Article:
A subtropical location, moderated by ocean on two sides of the triangle-shaped country and the altitude of the interior plateau, account for the warm temperate conditions so typical of South Africa – and so popular with its foreign visitors.
South Africa is a subtropical region, moderated by ocean on two sides of the triangle-shaped country and the altitude of the interior plateau. These account for the warm, temperate conditions so typical of South Africa – and so popular with its foreign visitors.
The country is bordered on the west by the Atlantic Ocean and on the east by the Indian Ocean; their waters meet at Cape Agulhas, at the southernmost tip of the continent.
The coastline stretches 2 798 kilometres from a desert border with Namibia in the northwest, down the icy Skeleton Coast to Cape Agulhas, then up along the wide beaches and green hills on the coast of the Indian Ocean, to the border with subtropical Mozambique in the northeast.
South Africa is famous for its sunshine. It’s a relatively dry country, with an average annual rainfall of about 464mm; the world average is about 860mm. While Western Cape gets most of its rainfall in winter, the rest of the country is generally a summer-rainfall region.
Temperatures in South Africa tend to be lower than in other countries at similar latitudes – such as Australia – mainly because of its greater elevation above sea level.
On the interior plateau, the altitude – Johannesburg lies at 1 694 metres – keeps the average summer temperatures below 30°C. In winter, for the same reason, night- time temperatures can drop to freezing point, and lower in some places.
South Africa’s coastal regions have the warmest winter temperatures in the country. There is, however, a striking contrast between temperatures on two different coasts, a result of the warm eastern Agulhas current and cold western Benguela current that sweep the coastlines.
In the southern hemisphere our seasons are opposite to those of Europe and North America, so, yes – we spend Christmas on the beach!
Over much of South Africa, summer, which lasts from mid-October to mid- February, is characterised by hot, sunny weather – often with afternoon thunderstorms that clear quickly, leaving a warm, earthy, uniquely African smell in the air.
Western Cape, with its Mediterranean climate, is the exception, getting its rain in winter.
Autumn in South Africa is from mid-February to April. It offers the best weather in some respects. Very little rain falls over the whole country, and it is warm but not too hot, getting colder as the season progresses.
In Cape Town, autumn is fantastic, with hot sunny days and warm, balmy nights which many people spend outdoors.
Winter in South Africa – from May to July – is characterised in the higher-lying areas of the interior plateau by dry, sunny, crisp days and cold nights, sometimes with heavy frosts. It’s a good idea to bring warm clothes.
Western Cape gets most of its rain in winter, with quite a few days of cloudy, rainy weather that can be quite stormy with high winds. On 1 June 2013, for example, a cold front accompanied by an intense upper-air trough led to heavy rains and flooding in places over Cape Town, mainly in the informal settlements.
Heavy snow falls occurred over the high-lying areas in the south-western parts of Western Cape and Northern Cape, while it was extremely cold over the interior of the two provinces.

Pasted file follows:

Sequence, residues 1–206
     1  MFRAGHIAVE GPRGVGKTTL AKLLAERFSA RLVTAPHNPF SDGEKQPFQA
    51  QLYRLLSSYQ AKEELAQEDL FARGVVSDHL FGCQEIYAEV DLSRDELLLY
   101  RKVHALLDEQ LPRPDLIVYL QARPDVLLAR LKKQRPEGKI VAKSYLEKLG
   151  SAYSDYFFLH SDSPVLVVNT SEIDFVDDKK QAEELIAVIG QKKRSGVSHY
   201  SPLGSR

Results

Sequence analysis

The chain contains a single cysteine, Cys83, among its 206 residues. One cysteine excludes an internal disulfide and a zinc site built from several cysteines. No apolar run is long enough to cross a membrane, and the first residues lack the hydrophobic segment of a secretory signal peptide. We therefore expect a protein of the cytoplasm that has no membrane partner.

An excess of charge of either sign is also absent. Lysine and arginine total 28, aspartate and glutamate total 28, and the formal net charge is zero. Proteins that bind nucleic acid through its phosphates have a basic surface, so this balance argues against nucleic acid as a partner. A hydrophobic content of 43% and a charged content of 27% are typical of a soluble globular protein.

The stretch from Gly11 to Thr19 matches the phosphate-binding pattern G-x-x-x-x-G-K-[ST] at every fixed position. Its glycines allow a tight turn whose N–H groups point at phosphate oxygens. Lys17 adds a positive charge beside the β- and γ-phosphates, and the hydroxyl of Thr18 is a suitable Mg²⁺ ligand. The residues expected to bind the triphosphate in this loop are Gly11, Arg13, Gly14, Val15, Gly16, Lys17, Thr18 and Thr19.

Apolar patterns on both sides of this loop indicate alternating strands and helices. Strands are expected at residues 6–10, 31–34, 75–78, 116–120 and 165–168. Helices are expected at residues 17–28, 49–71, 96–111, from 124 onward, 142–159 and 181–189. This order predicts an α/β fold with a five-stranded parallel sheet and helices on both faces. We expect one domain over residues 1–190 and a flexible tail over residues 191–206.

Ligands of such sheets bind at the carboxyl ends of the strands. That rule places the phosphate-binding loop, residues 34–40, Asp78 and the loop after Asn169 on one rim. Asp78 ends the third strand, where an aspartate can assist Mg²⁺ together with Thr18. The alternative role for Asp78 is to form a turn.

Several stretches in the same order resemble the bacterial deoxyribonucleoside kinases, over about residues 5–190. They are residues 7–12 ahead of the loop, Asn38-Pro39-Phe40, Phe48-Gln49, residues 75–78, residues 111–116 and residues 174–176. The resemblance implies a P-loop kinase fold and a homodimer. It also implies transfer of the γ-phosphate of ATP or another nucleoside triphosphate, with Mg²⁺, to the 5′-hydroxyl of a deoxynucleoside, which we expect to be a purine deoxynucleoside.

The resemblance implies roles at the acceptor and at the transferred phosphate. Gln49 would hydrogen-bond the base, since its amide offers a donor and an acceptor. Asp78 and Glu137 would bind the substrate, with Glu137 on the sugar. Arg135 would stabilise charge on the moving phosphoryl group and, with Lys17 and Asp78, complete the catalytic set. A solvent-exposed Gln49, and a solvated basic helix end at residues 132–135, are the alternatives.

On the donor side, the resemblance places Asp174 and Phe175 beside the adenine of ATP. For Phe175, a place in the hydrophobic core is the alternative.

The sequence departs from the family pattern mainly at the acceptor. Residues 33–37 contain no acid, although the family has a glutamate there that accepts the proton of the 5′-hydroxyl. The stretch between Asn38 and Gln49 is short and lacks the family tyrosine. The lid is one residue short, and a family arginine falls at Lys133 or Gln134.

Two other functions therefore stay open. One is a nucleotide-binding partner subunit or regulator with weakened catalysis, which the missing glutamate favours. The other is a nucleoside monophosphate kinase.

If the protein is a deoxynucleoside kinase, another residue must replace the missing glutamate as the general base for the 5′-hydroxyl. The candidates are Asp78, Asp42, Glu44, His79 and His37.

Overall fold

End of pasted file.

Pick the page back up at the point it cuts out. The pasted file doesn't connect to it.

However, wonderful days are spread throughout winter that rival the best of a British summer.
The hot, humid KwaZulu-Natal coast, as well as the Lowveld (lower-lying areas) of Mpumalanga and Limpopo provinces, offer fantastic winter weather with sunny, warmish days and virtually no wind or rain.
The high mountains of the Cape and the Drakensberg in KwaZulu-Natal usually get snow in winter.
Nowhere in South Africa is spring, which lasts from August to mid-October, more spectacular than in Northern Cape and Western Cape. Here the grey winter is forgotten as thousands of small, otherwise insignificant plants cover the semi-arid plains in an iridescent carpet of flowers.
The journey to see the flowers of the Namaqualand is an annual pilgrimage for many South Africans.
Best time of the year to travel?
That depends on what you want to do. The Namaqualand flowers are obviously best in August and September. Winter is a good time for game watching, as the veld is not as lush as it is in summer and the lack of rain means animals are more likely to congregate around water holes and rivers.
Southern right whales hang around off our coasts from about mid-June to the end of October, making for spectacular whale watching.
Diving is best in most of the country outside summer (ie, from April through September), and so is surfing – but that certainly doesn’t limit either activity to those times.
River rafting is better in Western Cape at the end of winter, and in KwaZulu-Natal in the height of summer (late November to mid-February). In Mpumalanga and Limpopo, it’s less time dependent.
The “shoulder” seasons – spring and autumn – are best for hiking, as summer can be hot over most of the country. In the Drakensberg, summer thunderstorms are dangerous, while there is a good chance of snow in winter. In Western Cape, the winters are wet, so it’s not necessarily the best time for hikes.
If you’re a birder, the palaeoarctic migrants arrive around November and the intra- African migrants usually by mid-October.
Of course, if you want to lounge around on the beaches, midsummer is the best time – though everyone else will be there too. And – a big bonus – the beaches of northern KwaZulu-Natal are warm and sunny even in midwinter.
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